The number of people around the world who suffer from blindness is decreasing, according to new figures released by the World Health Organization (WHO). According to new WHO estimates, 39 million people are blind, down from 45 million in 2000, and 246 million have significant visual impairment, down from 314 million in 2000.
Historically the number of blind people worldwide has always increased along with the world’s population, particularly its population over age 50.
Seva Canada Society, a non-profit organization founded in 1982 to eliminate preventable blindness and restore sight, participates in Vision 2020, a global initiative for the elimination of avoidable blindness.
In the past year Seva’s partners have performed over 500000 eye surgeries and screened over 3 million people in some of the poorest regions on Earth.
Vision 2020 is a joint program of WHO and the International Agency for the Prevention of Blindness with an international membership of NGOs, professional associations, eye-care institutions, and corporations.
Seva and other members of the Vision 2020 initiative are working to provide care to the approximately 80% of visually impaired people worldwide who could potentially be cured, treated, or have their blindness prevented.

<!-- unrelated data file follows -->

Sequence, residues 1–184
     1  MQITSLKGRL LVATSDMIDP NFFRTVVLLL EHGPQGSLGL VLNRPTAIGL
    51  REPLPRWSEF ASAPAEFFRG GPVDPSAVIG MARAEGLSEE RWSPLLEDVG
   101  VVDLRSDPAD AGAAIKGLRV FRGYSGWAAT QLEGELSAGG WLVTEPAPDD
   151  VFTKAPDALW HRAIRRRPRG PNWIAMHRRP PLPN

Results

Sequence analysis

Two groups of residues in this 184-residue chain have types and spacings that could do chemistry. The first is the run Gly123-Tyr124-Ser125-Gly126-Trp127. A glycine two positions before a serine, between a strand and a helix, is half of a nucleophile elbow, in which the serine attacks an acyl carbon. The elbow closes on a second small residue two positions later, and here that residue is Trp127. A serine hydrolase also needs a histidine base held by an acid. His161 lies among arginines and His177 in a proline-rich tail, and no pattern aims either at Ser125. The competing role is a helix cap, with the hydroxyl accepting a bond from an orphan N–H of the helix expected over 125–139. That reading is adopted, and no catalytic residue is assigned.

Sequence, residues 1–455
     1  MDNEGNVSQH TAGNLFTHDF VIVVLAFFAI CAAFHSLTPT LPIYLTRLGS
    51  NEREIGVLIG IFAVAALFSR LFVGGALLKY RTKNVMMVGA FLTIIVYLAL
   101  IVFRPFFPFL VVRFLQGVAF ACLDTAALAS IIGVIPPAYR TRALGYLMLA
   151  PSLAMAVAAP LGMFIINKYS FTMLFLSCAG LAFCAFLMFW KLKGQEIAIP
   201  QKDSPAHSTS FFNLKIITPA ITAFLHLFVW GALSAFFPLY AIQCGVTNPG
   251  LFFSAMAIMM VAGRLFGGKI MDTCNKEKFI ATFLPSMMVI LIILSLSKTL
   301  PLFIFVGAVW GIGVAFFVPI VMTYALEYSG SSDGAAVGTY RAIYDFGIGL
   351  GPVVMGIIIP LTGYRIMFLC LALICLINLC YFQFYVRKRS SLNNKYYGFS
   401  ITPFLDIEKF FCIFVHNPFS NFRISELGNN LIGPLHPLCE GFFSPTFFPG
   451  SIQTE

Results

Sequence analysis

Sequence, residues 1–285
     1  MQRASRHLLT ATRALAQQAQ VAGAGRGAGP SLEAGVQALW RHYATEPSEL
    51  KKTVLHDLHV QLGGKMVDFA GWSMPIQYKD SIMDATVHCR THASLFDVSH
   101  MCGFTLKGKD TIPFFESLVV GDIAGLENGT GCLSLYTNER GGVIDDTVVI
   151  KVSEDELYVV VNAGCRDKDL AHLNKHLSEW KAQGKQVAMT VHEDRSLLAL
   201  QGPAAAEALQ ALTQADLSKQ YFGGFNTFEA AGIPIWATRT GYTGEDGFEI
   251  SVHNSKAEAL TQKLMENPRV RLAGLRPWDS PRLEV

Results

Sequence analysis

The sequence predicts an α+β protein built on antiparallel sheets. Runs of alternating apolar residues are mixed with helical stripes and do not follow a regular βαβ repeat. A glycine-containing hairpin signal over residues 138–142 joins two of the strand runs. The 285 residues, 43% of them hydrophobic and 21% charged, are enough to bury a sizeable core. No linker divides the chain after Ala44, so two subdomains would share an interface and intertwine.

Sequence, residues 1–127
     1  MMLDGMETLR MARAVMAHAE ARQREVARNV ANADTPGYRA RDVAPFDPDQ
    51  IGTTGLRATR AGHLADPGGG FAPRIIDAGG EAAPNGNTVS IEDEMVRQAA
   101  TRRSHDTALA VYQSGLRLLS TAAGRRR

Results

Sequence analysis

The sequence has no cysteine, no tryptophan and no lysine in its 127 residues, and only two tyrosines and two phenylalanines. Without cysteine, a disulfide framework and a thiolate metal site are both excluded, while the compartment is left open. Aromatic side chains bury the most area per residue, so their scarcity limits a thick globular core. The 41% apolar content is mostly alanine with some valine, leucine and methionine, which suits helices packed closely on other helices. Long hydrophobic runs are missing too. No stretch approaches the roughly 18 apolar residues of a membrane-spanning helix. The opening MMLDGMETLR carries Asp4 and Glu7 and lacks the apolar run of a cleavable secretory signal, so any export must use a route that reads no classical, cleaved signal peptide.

Above is the information needed to cite this article in your paper or presentation. The International Committee
of Medical Journal Editors (ICMJE) recommends the following citation style, which is the now nearly universally
accepted citation style for scientific papers:
Halpern SD, Ubel PA, Caplan AL, Marion DW, Palmer AM, Schiding JK, et al. Solid-organ transplantation in HIV-infected patients. N Engl J Med. 2002;347:284-7.
About the ICMJE and citation styles
The ICMJE is small group of editors of general medical journals who first met informally in Vancouver, British Columbia, in 1978 to establish guidelines for the format of manuscripts submitted to their journals. The group became known as the Vancouver Group. Its requirements for manuscripts, including formats for bibliographic references developed by the U.S. National Library of Medicine (NLM), were first published in 1979. The Vancouver Group expanded and evolved into the International Committee of Medical Journal Editors (ICMJE), which meets annually. The ICMJE created the Recommendations for the Conduct, Reporting, Editing, and Publication of Scholarly Work in Medical Journals to help authors and editors create and distribute accurate, clear, easily accessible reports of biomedical studies.
An alternate version of ICMJE style is to additionally list the month an issue number, but since most journals use continuous pagination, the shorter form provides sufficient information to locate the reference. The NLM now lists all authors.
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For more information on the ICMJE Recommendations for the Conduct, Reporting, Editing, and Publication of Scholarly Work in Medical Journals, visit www.icmje.org